Showing posts from February, 2015

Raising Rabbits

Cute little soon-to-be bastards Raising rabbits for meat is a whole different kettle of fish from raising chickens. Rabbits start out as pink little wiggly fingerlings, and slowly grow into the cutest fluff balls imaginable. While young, they eat and eat and eat, until they are about 5-10 pounds. They never really lose their cuteness, always being fuzzy and generally passive if not affectionate. There is a brief window, between 120 and 150 days, where they are absolute bastards. This is called puberty. They start to go from being 'safety in numbers, why can't we all get along' to 'You inna my space and I'm gonna kill you!'. Then, after 150 days, they become all about survival again, and are fine to deal with. Still solitary, a little annoyed at being bothered, but much less annoying. Coincidentally, if you're raising meat rabbits, you slaughter them between 120 and 150 days. Rabbit meat is lean, delicious, and generally not eaten in the U.S. Producti

Raising Chickens

Raising chickens may seem like an odd occupation for a Gnostic. There is nothing more hylic than the little feathered automatons that make up a major portion of our food supply. Per Captia consumption in 2012 shows Americans eat about 250 eggs and 60 chickens per year. So, these little birds are a major reason Americans, at least, have physical bodies at all. The average american chicken is raised in a factory farm. That means they're kept in facilities like the one in the picture: Long rows of chickens, 5 to 10 hens in each chage, packed as closely together as possible. The facility pictured here is an egg production facility. Hens produce eggs for 1 to 2 years, after which they are processed for dog food or chicken broth, or simply suffocated with carbon dioxide and discarded in landfills. Male chickens are of little utility to these facilities, so as chicks they are sorted, and the male chickens are disposed of in cruel manners. You can find more information about the process

My love of Haiku

Haiku by a Robot: Seven Hundred Ten Seven Hundred Eleven Seven Hundred Twelve - Nathan Beifuss (aspiring Robot) I love poetry, but I especially love the Haiku . It's a very simple poetical form, very modern, and ideally suited to our modern sensabilities. The link above explains the format (5-7-5 syllables per line, three lines) and the history, as well as the major formal parts (cutting, seasonality) and how best to work it in English. It's a bite sized, twitter friendly, internet made format. Short, pithy, yet able to be quite deep and quite expressive. I tend to turn them humorous, but sometimes the humor becomes deep. It's also fun for kids. It involves counting, as the above haiku demonstrates. It also forces you to make word choices that can have interesting effects on sentence structure, especially in English. To finish off my Haiku post, I thought I'd post some that I've written recently: Went to bed early Three A.M. and I'm awake Coyotes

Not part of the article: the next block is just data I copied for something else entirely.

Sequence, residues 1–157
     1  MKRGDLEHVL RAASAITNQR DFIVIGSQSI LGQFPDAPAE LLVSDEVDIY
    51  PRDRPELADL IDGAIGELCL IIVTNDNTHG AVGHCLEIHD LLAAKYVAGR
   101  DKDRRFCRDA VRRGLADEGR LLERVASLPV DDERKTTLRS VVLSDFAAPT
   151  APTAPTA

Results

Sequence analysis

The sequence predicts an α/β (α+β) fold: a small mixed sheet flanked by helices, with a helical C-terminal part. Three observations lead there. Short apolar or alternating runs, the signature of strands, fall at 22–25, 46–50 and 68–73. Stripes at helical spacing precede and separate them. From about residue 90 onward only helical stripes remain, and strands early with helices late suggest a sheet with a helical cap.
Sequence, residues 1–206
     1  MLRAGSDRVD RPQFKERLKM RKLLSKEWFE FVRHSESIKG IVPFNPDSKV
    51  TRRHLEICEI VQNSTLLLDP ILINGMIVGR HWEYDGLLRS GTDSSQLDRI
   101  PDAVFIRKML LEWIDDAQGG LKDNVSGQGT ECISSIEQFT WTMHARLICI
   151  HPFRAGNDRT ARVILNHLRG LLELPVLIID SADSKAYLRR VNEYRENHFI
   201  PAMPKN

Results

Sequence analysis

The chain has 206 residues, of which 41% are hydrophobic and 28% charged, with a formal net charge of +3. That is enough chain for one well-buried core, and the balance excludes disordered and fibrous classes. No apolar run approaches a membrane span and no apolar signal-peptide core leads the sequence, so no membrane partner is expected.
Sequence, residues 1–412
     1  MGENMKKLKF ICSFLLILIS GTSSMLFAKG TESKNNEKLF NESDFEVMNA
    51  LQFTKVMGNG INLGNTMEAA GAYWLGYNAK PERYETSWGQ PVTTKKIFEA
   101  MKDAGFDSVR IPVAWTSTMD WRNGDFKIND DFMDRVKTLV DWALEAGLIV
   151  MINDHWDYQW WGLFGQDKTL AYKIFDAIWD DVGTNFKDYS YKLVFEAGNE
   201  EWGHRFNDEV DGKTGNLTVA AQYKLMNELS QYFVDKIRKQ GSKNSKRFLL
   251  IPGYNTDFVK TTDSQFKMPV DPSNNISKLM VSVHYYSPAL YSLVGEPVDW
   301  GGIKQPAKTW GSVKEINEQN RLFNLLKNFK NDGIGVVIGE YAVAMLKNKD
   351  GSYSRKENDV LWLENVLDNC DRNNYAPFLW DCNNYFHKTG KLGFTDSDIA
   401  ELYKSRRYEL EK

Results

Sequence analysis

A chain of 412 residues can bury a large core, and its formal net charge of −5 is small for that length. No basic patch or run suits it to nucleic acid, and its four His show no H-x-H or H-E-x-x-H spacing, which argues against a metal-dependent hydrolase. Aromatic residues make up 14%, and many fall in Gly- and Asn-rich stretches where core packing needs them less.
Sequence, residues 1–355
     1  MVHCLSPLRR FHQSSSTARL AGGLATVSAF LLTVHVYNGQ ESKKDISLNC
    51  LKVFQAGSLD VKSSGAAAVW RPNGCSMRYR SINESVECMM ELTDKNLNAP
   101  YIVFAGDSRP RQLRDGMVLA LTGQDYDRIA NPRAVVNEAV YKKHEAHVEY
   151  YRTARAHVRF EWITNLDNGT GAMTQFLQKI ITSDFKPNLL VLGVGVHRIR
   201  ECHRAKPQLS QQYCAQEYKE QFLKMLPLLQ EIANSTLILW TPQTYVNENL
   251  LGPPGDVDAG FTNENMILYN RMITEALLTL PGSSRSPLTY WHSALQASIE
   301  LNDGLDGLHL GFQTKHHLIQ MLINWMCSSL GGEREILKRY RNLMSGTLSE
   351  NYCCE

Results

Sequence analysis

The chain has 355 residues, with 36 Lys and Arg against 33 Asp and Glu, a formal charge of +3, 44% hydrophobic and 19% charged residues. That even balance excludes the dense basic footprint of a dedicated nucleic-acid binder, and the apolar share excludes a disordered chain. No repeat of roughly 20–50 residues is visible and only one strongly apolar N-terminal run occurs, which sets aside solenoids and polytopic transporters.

The speed of change

I am not sure if it's like this for other people, but for me, things change very quickly. It's always been that way. Back in college, I was dating a girl, we had a great birthday dinner. It was an amazing night: we had a fancy meal, we went to Guys and Dolls, her favorite musical, then had an amazing dessert and a walk around Madison. Next day, she dumped me, because she realized she didn't love me or want to spend more time with me. Thirty days later I was living in New Orleans with a shaved head and no idea what I was doing. Thirty days after that, I ended up falling into my profession as a computer programmer. Six months later I was married. All of that happened quite quickly, as far as I'm concerned. So it is with a great deal of trepidation that I announce a new season of change is upon me. I'm not as nimble as I was back in college: Now I have a family, a business, and a household. But new changes are coming, and in the end they will be good. But livin

The lessons of Atlantis

I have to admit, I've never thought of Atlantis much. However, Thursday Night I was treated to a lovely introduction to the subject at the Hermetic Fellowship.  In a speech called " Mention My Name in Atlantis ", which is the title of a humourous book by John Jakes, our speaker brought us through the various mentions and memes of Atlantis, from the first days to the geographical and historical searches for the lost city. Atlantis is first mentioned by Plato, in the works Timaeus and Critias . From Timeaus: This power came forth out of the Atlantic Ocean, for in those days the Atlantic was navigable; and there was an island situated in front of the straits which are by you called the Pillars of Heracles; the island was larger than Libya and Asia put together, and was the way to other islands, and from these you might pass to the whole of the opposite continent which surrounded the true ocean; for this sea which is within the Straits of Heracles is only a harbour, havi

The changing landscape of communication

A friend of mine was recently banned from Facebook, because he was using a pseudonym. I've never felt the need to use a pseudonym on Facebook, as I’m both fairly mundane in my postings there, and fairly naïve about how the data is used. I’m sure it’s mined 7 ways from Sunday, but most of my data is of so little use as to be laughable. However, he brought up a couple good points. I asked him if it was an opportunity for growth, and he responded: 'no just an opportunity to discover how the changing landscape of communication favours isolation... I'd rather be alone in a crowd than alone in my room.' The online world gives us the illusion of being with others, while still being able to maintain our ‘security’ or ‘anonymity’. We can interact without having to actually interact. In my mind, that’s becoming more and more of a bad thing. I use Facebook as much as anyone. It’s on my phone, and usually open in my web browser. I use it most when I’m bored or tired